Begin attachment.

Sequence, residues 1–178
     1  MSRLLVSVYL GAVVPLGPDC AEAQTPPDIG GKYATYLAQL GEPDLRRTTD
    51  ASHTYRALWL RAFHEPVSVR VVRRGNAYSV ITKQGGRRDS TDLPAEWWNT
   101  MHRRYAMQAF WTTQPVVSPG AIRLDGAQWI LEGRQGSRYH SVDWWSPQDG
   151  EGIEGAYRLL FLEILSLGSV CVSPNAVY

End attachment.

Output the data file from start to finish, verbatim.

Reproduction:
Sequence, residues 1–178
     1  MSRLLVSVYL GAVVPLGPDC AEAQTPPDIG GKYATYLAQL GEPDLRRTTD
    51  ASHTYRALWL RAFHEPVSVR VVRRGNAYSV ITKQGGRRDS TDLPAEWWNT
   101  MHRRYAMQAF WTTQPVVSPG AIRLDGAQWI LEGRQGSRYH SVDWWSPQDG
   151  EGIEGAYRLL FLEILSLGSV CVSPNAVY